The problem with the valley was this. The Monk currently believed that the valley and everything in the valley and around it, including the Monk itself and the Monk’s horse, was a uniform shade of pale pink. This made for a certain difficulty in distinguishing any one thing from any other thing, and therefore made doing anything or going anywhere impossible, or at least difficult and dangerous. Hence the immobility of the Monk and the boredom of the horse, which had had to put up with a lot of silly things in its time but was secretly of the opinion that this was one of the silliest.

How long did the Monk believe these things?

Dirk GentlyWell, as far as the Monk was concerned, forever. The faith which moves mountains, or at least believes them against all the available evidence to be pink, was a solid and abiding faith, a great rock against which the world could hurl whatever it would, yet it would not be shaken. In practice, the horse knew, twenty-four hours was usually about its lot.

So what of this horse, then, that actually held opinions, and was sceptical about things? Unusual behaviour for a horse, wasn’t it? An unusual horse perhaps?

No. Although it was certainly a handsome and well-built example of its species, it was none the less a perfectly ordinary horse, such as convergent evolution has produced in many of the places that life is to be found. They have always understood a great deal more than they let on. It is difficult to be sat on all day, every day, by some other creature, without forming an opinion on them.

On the other hand, it is perfectly possible to sit all day, every day, on top of another creature and not have the slightest thought about them whatsoever.

When the early models of these Monks were built, it was felt to be important that they be instantly recognisable as artificial objects. There must be no danger of their looking at all like real people. You wouldn’t want your video recorder lounging around on the sofa all day while it was watching TV. You wouldn’t want it picking its nose, drinking beer and sending out for pizzas.

So the Monks were built with an eye for originality of design and also for practical horse-riding ability. This was important. People, and indeed things, looked more sincere on a horse. So two legs were held to be both more suitable and cheaper than the more normal primes of seventeen, nineteen or twenty-three; the skin the Monks were given was pinkish-looking instead of purple, soft and smooth instead of crenellated. They were also restricted to just one mouth and nose, but were given instead an additional eye, making for a grand total of two. A strange looking creature indeed. But truly excellent at believing the most preposterous things.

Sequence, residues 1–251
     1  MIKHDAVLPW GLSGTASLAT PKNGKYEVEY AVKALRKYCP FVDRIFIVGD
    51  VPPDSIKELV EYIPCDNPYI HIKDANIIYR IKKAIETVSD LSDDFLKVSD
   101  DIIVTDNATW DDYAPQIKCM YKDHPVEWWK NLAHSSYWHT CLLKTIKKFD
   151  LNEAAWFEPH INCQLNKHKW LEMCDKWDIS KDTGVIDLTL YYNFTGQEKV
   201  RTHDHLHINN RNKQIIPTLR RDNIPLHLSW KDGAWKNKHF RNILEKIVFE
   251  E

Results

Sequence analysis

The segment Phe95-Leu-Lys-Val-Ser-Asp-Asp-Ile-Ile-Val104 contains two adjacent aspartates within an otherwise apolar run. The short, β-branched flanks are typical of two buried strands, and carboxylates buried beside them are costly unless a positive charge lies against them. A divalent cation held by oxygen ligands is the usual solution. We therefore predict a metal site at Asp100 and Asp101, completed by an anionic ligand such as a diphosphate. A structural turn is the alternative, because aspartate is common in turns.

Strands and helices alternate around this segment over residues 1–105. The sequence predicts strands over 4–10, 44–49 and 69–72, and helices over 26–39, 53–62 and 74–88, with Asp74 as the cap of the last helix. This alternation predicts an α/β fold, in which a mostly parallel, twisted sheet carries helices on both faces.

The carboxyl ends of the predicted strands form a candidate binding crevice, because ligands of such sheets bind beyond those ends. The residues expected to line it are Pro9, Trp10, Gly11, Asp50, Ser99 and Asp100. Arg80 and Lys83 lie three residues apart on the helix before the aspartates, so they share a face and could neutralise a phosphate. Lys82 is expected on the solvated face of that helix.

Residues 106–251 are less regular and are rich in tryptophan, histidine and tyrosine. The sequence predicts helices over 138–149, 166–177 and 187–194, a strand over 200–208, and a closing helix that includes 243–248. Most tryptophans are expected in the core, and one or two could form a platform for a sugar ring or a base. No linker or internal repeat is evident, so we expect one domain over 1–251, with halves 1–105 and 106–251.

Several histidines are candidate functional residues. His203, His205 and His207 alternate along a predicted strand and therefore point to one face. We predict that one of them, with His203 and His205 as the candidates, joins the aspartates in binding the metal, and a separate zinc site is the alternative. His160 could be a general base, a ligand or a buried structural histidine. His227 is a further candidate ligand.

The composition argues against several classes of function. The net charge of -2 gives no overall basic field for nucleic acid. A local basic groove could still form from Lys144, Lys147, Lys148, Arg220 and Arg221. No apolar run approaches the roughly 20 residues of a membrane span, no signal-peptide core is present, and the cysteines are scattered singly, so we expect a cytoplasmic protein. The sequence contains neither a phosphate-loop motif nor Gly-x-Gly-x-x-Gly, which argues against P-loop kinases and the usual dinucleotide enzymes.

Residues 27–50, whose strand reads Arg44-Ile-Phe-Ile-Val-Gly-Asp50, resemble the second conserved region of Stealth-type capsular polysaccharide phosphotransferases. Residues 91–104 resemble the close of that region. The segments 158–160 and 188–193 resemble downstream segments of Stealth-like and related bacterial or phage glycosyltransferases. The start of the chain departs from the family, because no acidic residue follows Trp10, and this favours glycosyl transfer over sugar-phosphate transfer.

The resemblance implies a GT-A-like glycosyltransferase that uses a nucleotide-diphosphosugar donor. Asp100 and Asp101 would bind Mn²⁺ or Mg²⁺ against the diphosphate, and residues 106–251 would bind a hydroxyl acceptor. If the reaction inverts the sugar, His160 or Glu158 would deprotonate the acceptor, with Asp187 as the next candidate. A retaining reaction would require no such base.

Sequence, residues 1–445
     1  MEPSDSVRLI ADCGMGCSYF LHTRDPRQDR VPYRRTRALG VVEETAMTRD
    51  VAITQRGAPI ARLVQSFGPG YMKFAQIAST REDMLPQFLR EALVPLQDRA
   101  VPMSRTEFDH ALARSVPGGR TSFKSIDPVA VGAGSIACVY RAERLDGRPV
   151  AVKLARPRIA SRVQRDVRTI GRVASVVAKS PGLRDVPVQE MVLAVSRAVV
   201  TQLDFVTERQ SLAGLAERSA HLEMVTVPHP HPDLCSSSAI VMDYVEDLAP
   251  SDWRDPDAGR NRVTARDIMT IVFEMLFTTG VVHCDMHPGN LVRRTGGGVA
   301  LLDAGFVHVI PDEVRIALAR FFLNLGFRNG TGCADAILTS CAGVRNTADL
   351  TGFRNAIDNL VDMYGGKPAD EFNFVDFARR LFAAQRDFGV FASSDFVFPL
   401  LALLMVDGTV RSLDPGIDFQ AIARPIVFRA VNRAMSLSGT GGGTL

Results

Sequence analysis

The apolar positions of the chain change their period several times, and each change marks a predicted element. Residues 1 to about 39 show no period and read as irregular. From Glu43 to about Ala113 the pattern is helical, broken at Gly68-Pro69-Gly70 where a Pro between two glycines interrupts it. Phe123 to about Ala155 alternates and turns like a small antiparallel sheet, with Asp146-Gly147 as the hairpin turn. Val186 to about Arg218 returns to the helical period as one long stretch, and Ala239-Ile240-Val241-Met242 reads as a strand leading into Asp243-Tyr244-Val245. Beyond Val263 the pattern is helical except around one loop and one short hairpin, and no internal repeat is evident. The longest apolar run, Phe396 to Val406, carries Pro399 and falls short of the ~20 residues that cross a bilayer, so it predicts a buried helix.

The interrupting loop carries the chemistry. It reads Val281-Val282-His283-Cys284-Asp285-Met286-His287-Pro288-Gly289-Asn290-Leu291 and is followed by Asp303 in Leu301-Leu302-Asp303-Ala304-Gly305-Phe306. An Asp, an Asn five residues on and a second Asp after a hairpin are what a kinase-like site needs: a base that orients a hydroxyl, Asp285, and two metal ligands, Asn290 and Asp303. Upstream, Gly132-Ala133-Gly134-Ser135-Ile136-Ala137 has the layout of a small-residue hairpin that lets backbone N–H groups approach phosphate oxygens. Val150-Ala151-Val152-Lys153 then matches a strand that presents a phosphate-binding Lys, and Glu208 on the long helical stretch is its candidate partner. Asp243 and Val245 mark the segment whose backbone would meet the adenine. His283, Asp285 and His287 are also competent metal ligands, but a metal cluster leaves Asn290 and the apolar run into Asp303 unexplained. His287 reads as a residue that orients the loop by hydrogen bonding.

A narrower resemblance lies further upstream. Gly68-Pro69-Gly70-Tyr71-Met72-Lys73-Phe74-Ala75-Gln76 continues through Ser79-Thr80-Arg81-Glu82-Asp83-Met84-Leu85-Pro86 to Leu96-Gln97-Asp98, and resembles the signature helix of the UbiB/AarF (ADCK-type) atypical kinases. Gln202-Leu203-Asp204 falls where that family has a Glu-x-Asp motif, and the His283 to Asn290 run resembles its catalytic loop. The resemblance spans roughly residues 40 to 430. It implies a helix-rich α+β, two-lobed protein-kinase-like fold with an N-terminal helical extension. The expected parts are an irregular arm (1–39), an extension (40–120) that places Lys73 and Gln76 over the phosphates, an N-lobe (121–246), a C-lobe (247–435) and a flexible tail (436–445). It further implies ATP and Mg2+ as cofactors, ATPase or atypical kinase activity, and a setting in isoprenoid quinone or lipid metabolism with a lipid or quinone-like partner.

This Monk had first gone wrong when it was simply given too much to believe in one day. It was, by mistake, cross-connected to a video recorder that was watching eleven TV channels simultaneously, and this caused it to blow a bank of illogic circuits. The video recorder only had to watch them, of course. It didn’t have to believe them as well. This is why instruction manuals are so important.

So after a hectic week of believing that war was peace, that good was bad, that the moon was made of blue cheese, and that God needed a lot of money sent to a certain box number, the Monk started to believe that thirty-five percent of all tables were hermaphrodites, and then broke down. The man from the Monk shop said that it needed a whole new motherboard, but then pointed out that the new improved Monk Plus models were twice as powerful, had an entirely new multi-tasking Negative Capability feature that allowed them to hold up to sixteen entirely different and contradictory ideas in memory simultaneously without generating any irritating system errors, were twice as fast and at least three times as glib, and you could have a whole new one for less than the cost of replacing the motherboard of the old model.

That was it. Done.

The faulty Monk was turned out into the desert where it could believe what it liked, including the idea that it had been hard done by. It was allowed to keep its horse, since horses were so cheap to make.

For a number of days and nights, which it variously believed to be three, forty-three, and five hundred and ninety-eight thousand seven hundred and three, it roamed the desert, putting its simple Electric trust in rocks, birds, clouds, and a form of non-existent elephant-asparagus, until at last it fetched up here, on this high rock, overlooking a valley that was not, despite the deep fervour of the Monk’s belief, pink. Not even a little bit.

Time passed.”

SHERLOCK HOLMES Personal Memoir Chapter One

Republished by Blog Post Promoter


“When I first arrived in the great city, I had neither kith nor kin in England, and was therefore as free as air — or as free as an income of eleven shillings and sixpence a day will permit a man to be. Under such circumstances I naturally gravitated to London, that great cesspool into which all the loungers and idlers of the Empire are irresistibly drained. There I stayed for some time at a private hotel in the Strand, leading a comfortless, meaningless existence, and spending such money as I had, considerably more freely than I ought.”, I thought to myself.